An Introduction to Maya

Maya is a big deal for me. I discovered maya years ago when I was taking a comparative religion class. Maya is a Hindu concept that loosely translates as “illusion.” However, as is true with many religious concepts, there is far more to maya than mere illusion. I will now attempt to make the case for why maya is a concept I use to make sense of the world we live in.

Ellwood & McGraw (2002) define maya thusly, “Brahman manifest in the world of forms; illusion when these forms are seen as other than Brahman” (p. 500). In this definition, the illusion mentioned is maya. To understand this definition you have to know that “Brahman (always with a capital b)” is tantamount to existence and reality. We humans have imperfect perceptions of reality and thereby we misunderstand our existence. The patterns and belief and experiences we possess trap us in this state of illusion. Consequently, we do not see the world as it is.

John Carpenter’s 1988 film They Live provides an adequate representation of the concept of maya. In the film, a drifter played by (Rowdy) Roddy Piper discovers a box of sunglasses that allow him to see aliens when he wears them. The sunglasses allow him to pierce the veil of illusion that exists around him. While wearing the glasses, he also discovers the consumerist messaging hidden within advertising.

I reiterate that this is an adequate representation. The issues that the movie explores: class, social control, consumerism, colonialism, and others are all fodder for consideration of maya, but do not completely explain its scope. The forms that Ellwood & McGraw reference in their definition encompass everything in our lives and experience: childhood, education, socialization, that is, everything that we do and say in order to live our lives as comfortably as possible.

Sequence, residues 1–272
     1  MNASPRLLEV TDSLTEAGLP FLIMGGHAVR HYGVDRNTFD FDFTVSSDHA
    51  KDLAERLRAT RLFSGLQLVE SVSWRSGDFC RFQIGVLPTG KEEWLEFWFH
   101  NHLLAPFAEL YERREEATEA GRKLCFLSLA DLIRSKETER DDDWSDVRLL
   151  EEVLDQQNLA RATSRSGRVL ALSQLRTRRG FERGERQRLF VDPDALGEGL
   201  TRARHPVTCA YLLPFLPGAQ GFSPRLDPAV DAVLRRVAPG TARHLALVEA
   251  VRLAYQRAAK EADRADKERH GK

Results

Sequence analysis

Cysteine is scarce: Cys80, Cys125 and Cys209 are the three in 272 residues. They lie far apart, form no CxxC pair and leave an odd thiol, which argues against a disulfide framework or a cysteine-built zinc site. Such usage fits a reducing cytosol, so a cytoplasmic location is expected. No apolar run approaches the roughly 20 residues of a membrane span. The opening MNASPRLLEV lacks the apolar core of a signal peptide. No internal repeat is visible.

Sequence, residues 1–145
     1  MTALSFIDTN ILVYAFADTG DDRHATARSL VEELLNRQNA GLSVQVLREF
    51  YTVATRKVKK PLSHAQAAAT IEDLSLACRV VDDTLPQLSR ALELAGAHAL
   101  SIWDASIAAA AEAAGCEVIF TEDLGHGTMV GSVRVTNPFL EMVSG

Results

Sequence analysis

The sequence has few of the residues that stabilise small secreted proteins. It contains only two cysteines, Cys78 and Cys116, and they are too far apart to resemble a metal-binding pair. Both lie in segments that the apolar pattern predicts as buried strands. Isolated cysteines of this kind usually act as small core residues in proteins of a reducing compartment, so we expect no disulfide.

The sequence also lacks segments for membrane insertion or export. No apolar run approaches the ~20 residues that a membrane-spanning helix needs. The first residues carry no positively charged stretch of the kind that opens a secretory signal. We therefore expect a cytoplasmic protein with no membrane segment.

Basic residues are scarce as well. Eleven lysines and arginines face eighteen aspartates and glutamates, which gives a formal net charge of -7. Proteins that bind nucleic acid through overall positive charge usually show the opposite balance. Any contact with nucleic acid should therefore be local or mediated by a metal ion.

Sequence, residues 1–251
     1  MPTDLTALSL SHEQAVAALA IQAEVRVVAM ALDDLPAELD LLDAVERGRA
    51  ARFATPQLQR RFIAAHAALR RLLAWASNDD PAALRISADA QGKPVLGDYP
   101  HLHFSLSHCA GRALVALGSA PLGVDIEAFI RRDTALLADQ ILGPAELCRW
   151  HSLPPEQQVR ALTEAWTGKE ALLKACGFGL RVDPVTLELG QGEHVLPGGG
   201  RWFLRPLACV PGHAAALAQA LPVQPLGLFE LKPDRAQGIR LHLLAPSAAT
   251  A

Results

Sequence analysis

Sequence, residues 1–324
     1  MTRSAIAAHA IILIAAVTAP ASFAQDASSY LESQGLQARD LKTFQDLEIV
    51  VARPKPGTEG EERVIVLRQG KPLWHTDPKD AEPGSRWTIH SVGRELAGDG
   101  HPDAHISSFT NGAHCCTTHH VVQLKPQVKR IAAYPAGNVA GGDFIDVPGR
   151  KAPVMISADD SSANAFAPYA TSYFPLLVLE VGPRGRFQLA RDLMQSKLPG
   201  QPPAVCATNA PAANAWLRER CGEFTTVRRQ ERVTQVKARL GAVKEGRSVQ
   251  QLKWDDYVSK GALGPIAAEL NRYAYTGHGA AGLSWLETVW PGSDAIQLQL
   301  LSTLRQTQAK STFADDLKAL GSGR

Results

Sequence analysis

There are aspects of maya that seem easily discernable; propaganda and marketing being prime examples. However, propaganda and marketing are only discernable if we realize what they are. If we view them as types of information, such as news and entertainment, what motivation exists for us to seek out their meaning?

The context of maya that I find most relevant is in its role as a deceiver or a limiter of knowledge. A Christian theologian might link maya to the works of Satan. I think this is reasonable but misses the point; maya as a concept is based more on self-deception than the evil intent of outside beings. This is also the weakness of the They Live analogy.

However, I cannot argue that outside intent precludes one from labeling something as an aspect of maya. Consider the field of agnotology, which is the study of the cultural production of ignorance. This ignorance can be produced as a result of what we are told by the media or in our education. The technical term for this type of ignorance is an information asymmetry. One of the biggest reasons that information asymmetries exist is that they can be exploited for profit. Advertising is a prime example of this; if two products are indistinguishable then branding can help push a consumer to buy one over the other.